Boss Hog’s Backyard Barbecue, Washington, North Carolina

My nephew, Jimbo Tanner, has been an invaluable source of barbecue information.  He told me about B’s and Grady’s and Bum’s — three of the best barbecue places on earth.  When he tipped me off to Boss Hog’s, I put it at the top of my must-visit list, and I headed there after the wonderful ZZQ.

I was somewhat taken aback to see that Boss Hog’s is a chain.  And it looks like a chain restaurant.  (Take my word for it.)  Still, I overcame my misgivings and strolled in.  Boss Hog’s serves cafeteria style, and has a vegetable selection that warrants further investigation.

boss hog's

Jimbo had said that the barbecue was good, and he also mentioned their chicken pastry.  For those of you who don’t speak Eastern North Carolina, chicken pastry is chicken and dumplin’s.  I duly ordered a small barbecue sandwich and the chicken pastry special.

boss hog

There was no seating inside or outside, so I took it out to the car, set it on the passenger seat, and ate while listening to a recording of Dickens’ Our Mutual Friend — with minimal spillage, I might add.

I didn’t think a whole lot of the barbecue.  It was fine for barbecue that isn’t cooked exclusively with wood.  The pork was from the shoulder rather than the whole hog one expects in Eastern North Carolina (I could tell from the bits of outside meat), and the sauce had some ketchup and a slight sweetness. Boss Hog’s apparently started in Western North Carolina, which is all good and well.   Alas, the sauce didn’t have nearly enough vinegar or pepper, and the meat needed that good smoke from fat dripping coals.  It certainly wasn’t bad.  It tasted good.  It just could have been better.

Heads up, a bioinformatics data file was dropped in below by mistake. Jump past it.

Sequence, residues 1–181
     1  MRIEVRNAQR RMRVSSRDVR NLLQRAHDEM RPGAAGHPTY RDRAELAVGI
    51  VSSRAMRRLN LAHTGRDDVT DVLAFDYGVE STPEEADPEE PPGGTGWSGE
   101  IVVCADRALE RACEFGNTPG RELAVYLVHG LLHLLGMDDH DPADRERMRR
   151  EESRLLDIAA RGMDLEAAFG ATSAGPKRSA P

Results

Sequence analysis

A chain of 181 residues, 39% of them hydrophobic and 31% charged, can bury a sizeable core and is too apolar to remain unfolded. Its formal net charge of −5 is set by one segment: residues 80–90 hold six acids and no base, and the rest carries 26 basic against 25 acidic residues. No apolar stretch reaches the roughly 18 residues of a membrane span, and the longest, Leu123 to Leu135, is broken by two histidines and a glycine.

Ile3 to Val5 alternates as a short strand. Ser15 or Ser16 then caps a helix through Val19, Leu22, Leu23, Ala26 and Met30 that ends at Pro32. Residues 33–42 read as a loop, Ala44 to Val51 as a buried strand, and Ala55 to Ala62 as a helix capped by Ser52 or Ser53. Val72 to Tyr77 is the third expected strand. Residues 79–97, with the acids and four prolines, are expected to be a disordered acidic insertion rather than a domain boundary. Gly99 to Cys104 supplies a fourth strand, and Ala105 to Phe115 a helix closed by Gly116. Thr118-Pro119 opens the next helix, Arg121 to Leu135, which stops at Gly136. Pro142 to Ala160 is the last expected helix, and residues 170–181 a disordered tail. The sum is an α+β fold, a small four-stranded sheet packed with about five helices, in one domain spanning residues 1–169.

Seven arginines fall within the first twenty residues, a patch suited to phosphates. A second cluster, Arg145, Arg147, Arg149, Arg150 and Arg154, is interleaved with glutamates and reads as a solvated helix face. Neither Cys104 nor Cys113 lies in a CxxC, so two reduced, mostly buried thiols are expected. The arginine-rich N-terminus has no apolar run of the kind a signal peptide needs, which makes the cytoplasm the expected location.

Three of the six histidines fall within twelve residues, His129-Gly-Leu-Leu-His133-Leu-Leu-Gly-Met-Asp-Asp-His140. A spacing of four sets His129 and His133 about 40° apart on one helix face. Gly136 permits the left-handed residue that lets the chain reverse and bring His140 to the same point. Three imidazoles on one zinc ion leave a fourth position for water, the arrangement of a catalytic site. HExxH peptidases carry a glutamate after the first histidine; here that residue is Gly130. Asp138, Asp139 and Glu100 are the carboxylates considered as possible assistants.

The chicken pastry, on the other hand, was a triumph of the culinary art.  I’m a big fan of chicken and dumplin’s — Dear used to make them — but I can’t remember the last time I had some.  They don’t figure prominently on DC menus.  I may have been suffering from a chicken and dumplin’s deficiency, but these seemed like the Platonic ideal of chicken and dumplin’s and they tasted delicious. There was a good balance between chicken and dumplin’s, and I loved the flavor.    You may not appreciate the size of that serving — it was flat big — but I didn’t leave a scrap.

Afterwards, I recalled that Jimbo, being somewhat more health conscious than his uncle, tends toward chicken in barbecue places.  Thus his tip on B’s, which has great chicken.  And, as I dimly recall, he first told me that Grady’s had turkey on some day or other — as a big selling point.  Maybe I should put a post-it on the car’s dashboard.  In hindsight, I should have ordered a chicken quarter (dark) instead of the pork.

Did I forget the sides?  The chicken pastry came with two sides:  collards, which were good, and green beans, which were very good .  I got slaw with the pork, and it was excellent, cool, crisp, and lightly dressed.  The hushpuppies were fine, and proved useful soaking up the pot likker.

I highly recommend Boss Hog’s for the chicken pastry, the slaw, and the green beans.  And give the barbecued chicken a try.  Jimbo knows his chicken, and it’s probably great.

***

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6 thoughts on “Boss Hog’s Backyard Barbecue, Washington, North Carolina

  1. Check out Lennie & VC’s for turkey BBQ. Between Kinston and New Bern.
    Take a left toward Dover where the “new” four lane begins. It’s about 500 yards on the right. And yes, it is a white painted cinder block building.

    Like

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